Michael Green has created the Social Progress Index, a standard to rank societies based on how they meet the needs of citizens.
The Social Progress Imperative (SPI) is changing the way we solve the world’s most pressing challenges by redefining how the world measures success and putting the things that matter to people’s lives at the top of the agenda.
The Social Progress Index revolutionizes the solving of societal problems by enabling leaders to systematically identify and prioritize issues. The Social Progress Imperative’s network empowers leaders to convene all the right local actors, global partners, and subject-matter experts necessary to develop and deploy meaningful solutions. Together, the index and the network empower local actors to both identify shortcomings and deliver the solutions to improve them.
The Orange County Equity Map (OC Equity Map) is a data platform that spotlights social and health disparities in Orange County neighborhoods across multiple dimensions with a specific focus on the impact from COVID-19. This interactive map visualizes Orange County into 580 census tracts and displays the scores from the Social Progress Index (SPI), CDC Health Indicators, and population demographic data as well as overlays additional information that can be customized for a variety of different use cases.
The Social Progress Imperative is a global nonprofit based in Washington, D.C., that looks at a Social Progress Index (SPI) to measure well-being in a comprehensive way,
The Social Progress Imperative is a global nonprofit based in Washington, DC, providing decision-makers and everyday citizens with the very best data on the social and environmental health of their societies and helping them prioritize actions that accelerate social progress.
Since it first launched in 2014, the Social Progress Index has been embraced by innovative leaders from London to India to the rainforests of Brazil. They are applying its rigorous framework to navigate today’s social challenges and accelerate efforts to drive equitable, inclusive and thriving societies.
We provide decision-makers and everyday citizens with the very best data on the social and environmental health of their societies and help them prioritize actions that accelerate social progress.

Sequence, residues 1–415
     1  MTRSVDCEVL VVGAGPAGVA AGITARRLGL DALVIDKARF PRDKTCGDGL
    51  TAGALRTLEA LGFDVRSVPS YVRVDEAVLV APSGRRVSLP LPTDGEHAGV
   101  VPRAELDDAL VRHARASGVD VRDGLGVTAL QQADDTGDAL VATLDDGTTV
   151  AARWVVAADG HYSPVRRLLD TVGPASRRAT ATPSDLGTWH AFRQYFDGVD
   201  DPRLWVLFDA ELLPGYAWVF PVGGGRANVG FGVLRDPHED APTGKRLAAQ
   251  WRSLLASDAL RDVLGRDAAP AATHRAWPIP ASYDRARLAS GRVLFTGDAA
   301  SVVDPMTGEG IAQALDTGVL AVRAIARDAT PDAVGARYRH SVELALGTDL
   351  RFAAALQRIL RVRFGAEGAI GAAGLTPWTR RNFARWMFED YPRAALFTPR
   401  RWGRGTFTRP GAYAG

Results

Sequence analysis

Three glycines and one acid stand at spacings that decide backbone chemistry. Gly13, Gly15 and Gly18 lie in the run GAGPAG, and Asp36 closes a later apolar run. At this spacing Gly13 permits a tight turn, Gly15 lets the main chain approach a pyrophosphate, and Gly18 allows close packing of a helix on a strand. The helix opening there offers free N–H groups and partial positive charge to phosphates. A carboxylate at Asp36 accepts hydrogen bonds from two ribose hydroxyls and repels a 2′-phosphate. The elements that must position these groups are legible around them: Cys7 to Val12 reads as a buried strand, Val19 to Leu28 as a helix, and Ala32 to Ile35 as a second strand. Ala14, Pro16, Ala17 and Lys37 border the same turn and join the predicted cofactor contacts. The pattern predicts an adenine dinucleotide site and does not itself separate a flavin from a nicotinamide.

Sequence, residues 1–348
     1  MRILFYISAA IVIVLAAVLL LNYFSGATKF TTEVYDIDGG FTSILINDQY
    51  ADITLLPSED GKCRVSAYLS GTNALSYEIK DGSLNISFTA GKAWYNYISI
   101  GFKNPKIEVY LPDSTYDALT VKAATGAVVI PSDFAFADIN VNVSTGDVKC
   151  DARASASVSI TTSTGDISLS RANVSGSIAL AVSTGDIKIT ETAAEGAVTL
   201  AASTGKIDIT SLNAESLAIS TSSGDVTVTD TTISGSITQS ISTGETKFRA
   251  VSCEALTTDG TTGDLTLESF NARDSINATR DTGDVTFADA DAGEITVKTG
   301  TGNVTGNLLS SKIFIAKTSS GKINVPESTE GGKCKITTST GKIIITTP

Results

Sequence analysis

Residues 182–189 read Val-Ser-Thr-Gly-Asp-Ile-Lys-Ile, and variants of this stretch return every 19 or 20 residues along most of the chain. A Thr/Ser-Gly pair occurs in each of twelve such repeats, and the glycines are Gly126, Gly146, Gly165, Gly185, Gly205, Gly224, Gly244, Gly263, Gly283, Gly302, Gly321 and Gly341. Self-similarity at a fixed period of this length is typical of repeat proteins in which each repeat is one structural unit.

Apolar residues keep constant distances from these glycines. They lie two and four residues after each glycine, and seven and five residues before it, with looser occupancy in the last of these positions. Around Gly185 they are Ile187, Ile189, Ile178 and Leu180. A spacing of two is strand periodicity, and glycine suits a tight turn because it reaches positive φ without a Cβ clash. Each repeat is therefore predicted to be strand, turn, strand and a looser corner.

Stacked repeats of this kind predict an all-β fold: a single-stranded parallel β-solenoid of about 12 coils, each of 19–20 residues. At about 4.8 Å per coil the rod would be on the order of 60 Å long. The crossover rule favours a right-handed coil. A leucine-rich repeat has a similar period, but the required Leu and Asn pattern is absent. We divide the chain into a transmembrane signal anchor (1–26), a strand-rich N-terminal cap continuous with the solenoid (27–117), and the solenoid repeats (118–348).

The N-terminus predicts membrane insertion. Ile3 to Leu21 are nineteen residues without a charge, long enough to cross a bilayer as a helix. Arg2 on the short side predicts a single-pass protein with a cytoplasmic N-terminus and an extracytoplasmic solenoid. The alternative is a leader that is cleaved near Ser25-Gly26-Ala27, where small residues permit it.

The 2015 Sustainable Economic Development Assessment
Government leaders increasingly speak of boosting the well-being of citizens—rather than bolstering GDP growth—as their primary mission. But the conventional yardsticks of per capita GDP and growth are too narrow to evaluate the full measure of well-being. What’s needed is a broad diagnostic tool designed specifically to help governments set priorities and formulate development strategies.
Personal well-being (PWB) is part of the wider Measuring National Well-being (MNW) Programme at the Office for National Statistics (ONS), which aims to provide accepted and trusted measures of the nation’s well-being. The MNW work is part of an initiative, both in the UK and internationally, to look beyond traditional headline economic growth figures to establish progress on how we are doing as individuals, as communities and as a nation, and how sustainable this is for the future. The measures include both standard objective measures, such as income and health, and people’s own views about their lives.
How using a Social Progress Index could boost quality of life in Philly (Philadelphia Citizen)
In the early days of the pandemic in Philadelphia, city officials scrambled to grapple with a tragic effect of Covid-19: That poor Black and Brown residents were disproportionately getting severely ill and dying from the virus. It was, as cities around the country came to recognize, the effect of decades of limited access to good health care, lower air quality and the effects of poverty.
The Happy Planet Index
The Happy Planet Index measures what matters: sustainable wellbeing for all. It tells us how well nations are doing at achieving long, happy, sustainable lives.
Wealthy Western countries, often seen as the standard of success, do not rank highly on the Happy Planet Index. Instead, several countries in Latin America and the Asia Pacific region lead the way by achieving high life expectancy and wellbeing with much smaller Ecological Footprints.
The Happy Planet Index provides a compass to guide nations, and shows that it is possible to live good lives without costing the Earth.
Lee Kum Sheung Center for Health and Happiness
The Center is designed to serve as a central hub to advance science through primary research and promote collaboration among investigators from across Harvard and beyond. The Center’s scope spans multiple disciplines—including health communications, psychology, nutrition, exercise physiology, basic biology, epidemiology, and population sciences. The Lee Kum Sheung Center for Health and Happiness offers great potential to improve the lives and health of people everywhere.
Martin Seligman 'Flourishing - a new understanding of wellbeing' at Happiness & Its Causes 2012
Is happiness enough for a fulfilled life? What does the research say about positive psychology in the treatment and prevention of depression? Positive education, positive health and the economics of wellbeing